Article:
NCBS Intern Report: Surveying Manatees in Crystal River, FL
NCBS Intern Report by Margaret Long and Rebecca Rash, Interns with UF IFAS Nature Coast Biological Station and Crystal River National Wildlife Refuge
During winter, the Gulf of Mexico temperatures can drop below 68 degrees, sending manatees into Florida’s springs for refuge in the warmer freshwater. The springs in Kings Bay, like Three Sisters Springs, House, and Jurassic, stay at a constant 72 degree Fahrenheit, allowing hundreds of manatees to congregate during cold weather. The public springs also serve as a recreation site full of boats, waterfront homes and condos, paddlecrafts, swimmers, and snorkelers.
Ecotourism has surged in Crystal River, with manatee tours as the main draw for tourists around the world. Understanding the interactions and behavior patterns of manatees and humans is crucial to managing the springs effectively to preserve the awe-inspiring manatee sightseeing as well as manatee and environmental health. As interns, we conducted a three-month research study in the spring to monitor manatee and people use of the springs, environmental conditions, and manatee and human interactions.
Spending the Day on the Water
The project often began with prepping the kayaks for launch. This included waterproof clipboards and paper, pens, water, snacks, and a PFD. Once the equipment was ready to go, we launched out into Kings Bay and made the 1+ mile paddle out to House and Jurassic. From these springs, we observed and recorded the behaviors and interactions, as well as educated the public. The other half of the day was spent on the boardwalk at Three Sisters Springs, conducting the same research from land.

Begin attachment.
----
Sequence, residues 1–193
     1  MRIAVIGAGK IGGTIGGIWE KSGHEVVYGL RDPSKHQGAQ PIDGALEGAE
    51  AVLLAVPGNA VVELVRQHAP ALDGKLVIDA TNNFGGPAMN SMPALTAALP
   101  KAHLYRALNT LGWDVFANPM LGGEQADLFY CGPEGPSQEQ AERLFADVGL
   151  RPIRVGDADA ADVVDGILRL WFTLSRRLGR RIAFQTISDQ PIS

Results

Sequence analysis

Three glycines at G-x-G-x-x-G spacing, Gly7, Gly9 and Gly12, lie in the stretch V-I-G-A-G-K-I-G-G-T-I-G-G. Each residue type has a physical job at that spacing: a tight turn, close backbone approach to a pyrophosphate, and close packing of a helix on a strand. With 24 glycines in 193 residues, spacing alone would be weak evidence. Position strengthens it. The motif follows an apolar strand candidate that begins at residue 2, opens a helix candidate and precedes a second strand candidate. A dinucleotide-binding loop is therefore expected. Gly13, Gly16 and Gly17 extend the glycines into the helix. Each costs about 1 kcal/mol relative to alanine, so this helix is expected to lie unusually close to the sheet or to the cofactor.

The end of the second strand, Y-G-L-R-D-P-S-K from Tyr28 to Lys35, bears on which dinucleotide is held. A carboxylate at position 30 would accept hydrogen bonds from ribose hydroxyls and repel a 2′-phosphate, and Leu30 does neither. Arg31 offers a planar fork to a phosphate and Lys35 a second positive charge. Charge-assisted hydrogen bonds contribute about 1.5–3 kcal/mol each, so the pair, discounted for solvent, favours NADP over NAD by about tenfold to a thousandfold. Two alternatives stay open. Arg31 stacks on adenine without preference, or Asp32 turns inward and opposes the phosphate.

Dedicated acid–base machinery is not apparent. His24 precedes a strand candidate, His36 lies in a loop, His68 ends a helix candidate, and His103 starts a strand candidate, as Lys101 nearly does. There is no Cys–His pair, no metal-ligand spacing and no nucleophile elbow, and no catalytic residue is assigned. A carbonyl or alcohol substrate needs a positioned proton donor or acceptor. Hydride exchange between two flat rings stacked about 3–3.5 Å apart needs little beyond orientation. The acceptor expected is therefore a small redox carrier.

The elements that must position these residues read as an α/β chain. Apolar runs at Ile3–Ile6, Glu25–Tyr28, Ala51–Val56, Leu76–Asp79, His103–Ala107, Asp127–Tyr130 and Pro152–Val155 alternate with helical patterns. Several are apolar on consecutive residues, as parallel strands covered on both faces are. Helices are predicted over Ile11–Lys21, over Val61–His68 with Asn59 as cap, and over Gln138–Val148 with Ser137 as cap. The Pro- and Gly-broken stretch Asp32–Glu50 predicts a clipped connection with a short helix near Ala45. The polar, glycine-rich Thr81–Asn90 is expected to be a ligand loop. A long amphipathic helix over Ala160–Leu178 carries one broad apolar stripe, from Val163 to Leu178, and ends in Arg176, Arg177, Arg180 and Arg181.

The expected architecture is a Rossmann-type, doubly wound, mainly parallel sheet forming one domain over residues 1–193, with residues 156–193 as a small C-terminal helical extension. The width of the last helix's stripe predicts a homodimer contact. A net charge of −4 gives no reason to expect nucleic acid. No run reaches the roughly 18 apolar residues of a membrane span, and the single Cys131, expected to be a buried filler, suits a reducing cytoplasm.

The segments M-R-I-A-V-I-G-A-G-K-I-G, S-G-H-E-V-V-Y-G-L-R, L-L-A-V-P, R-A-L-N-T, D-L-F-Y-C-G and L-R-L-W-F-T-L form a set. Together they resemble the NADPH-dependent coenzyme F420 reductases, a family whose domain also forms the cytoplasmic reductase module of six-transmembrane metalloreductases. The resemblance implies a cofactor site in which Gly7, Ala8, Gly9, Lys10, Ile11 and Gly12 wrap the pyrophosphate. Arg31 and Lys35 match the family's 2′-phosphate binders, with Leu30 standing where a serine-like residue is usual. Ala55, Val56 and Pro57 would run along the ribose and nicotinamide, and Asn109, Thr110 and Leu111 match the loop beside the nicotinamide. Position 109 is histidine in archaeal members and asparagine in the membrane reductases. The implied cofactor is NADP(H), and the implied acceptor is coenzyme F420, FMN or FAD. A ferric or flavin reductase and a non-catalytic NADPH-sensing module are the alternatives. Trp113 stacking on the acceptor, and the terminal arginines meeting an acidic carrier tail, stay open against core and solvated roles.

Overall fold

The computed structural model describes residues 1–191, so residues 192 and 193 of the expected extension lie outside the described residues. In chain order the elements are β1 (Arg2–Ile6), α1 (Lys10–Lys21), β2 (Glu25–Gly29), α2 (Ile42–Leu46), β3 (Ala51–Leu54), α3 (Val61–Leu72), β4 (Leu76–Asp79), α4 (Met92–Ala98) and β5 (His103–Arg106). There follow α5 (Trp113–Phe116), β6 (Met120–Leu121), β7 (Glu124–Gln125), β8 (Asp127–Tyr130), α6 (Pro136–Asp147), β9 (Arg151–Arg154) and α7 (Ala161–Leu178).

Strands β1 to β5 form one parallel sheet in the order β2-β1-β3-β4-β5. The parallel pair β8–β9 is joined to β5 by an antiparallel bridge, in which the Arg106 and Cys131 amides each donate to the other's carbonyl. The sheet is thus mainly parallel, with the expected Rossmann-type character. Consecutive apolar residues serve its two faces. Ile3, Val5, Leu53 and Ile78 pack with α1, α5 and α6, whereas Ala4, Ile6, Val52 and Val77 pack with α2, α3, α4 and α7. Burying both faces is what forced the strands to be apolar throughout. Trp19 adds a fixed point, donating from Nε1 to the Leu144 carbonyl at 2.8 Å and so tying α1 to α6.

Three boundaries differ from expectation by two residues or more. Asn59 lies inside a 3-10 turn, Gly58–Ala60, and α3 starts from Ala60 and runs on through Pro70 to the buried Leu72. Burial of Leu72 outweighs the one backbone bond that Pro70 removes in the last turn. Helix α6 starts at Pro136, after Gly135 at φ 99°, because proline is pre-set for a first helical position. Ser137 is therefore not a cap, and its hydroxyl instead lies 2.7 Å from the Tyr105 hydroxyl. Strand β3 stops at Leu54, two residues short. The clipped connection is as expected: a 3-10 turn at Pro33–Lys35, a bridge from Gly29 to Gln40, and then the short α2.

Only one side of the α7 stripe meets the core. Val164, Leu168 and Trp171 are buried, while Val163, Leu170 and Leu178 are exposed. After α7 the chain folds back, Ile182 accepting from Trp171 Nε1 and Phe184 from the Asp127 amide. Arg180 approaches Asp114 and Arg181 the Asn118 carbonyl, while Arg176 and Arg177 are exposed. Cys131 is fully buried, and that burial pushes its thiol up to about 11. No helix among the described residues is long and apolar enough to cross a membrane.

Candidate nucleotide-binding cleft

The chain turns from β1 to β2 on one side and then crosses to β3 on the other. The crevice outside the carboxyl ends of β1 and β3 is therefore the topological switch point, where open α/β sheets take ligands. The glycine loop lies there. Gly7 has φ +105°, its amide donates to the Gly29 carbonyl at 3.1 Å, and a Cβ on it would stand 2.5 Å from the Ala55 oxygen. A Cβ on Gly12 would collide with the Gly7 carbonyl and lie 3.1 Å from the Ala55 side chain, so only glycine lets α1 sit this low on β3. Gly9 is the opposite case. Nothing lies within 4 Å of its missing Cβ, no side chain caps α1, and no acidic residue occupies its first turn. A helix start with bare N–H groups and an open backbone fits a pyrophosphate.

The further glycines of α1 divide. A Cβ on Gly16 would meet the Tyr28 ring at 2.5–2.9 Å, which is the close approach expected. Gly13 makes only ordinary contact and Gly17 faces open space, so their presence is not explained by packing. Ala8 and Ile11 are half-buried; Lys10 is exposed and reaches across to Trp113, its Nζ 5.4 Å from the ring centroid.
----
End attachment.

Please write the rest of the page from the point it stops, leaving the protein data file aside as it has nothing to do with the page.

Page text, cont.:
The Takeaway? Crystal River was beautiful, with an abundance of wildlife, including wading and diving birds, alligators, otters, turtles, mullet, and of course, manatees. The water was often clear and calm, some areas blanketed by grasses. One of the most important aspects of this research was the understanding that educating the public was a duty and a privilege in order to help the layperson understand the beauty and fragility of this habitat. We learned so much about the management of a refuge, manatee behavior, and conducting an effective and thorough research project. As we further our careers, we will look back on this internship as not only fun and exciting, but also as a tool to deepen our understanding of what a career in natural resources means.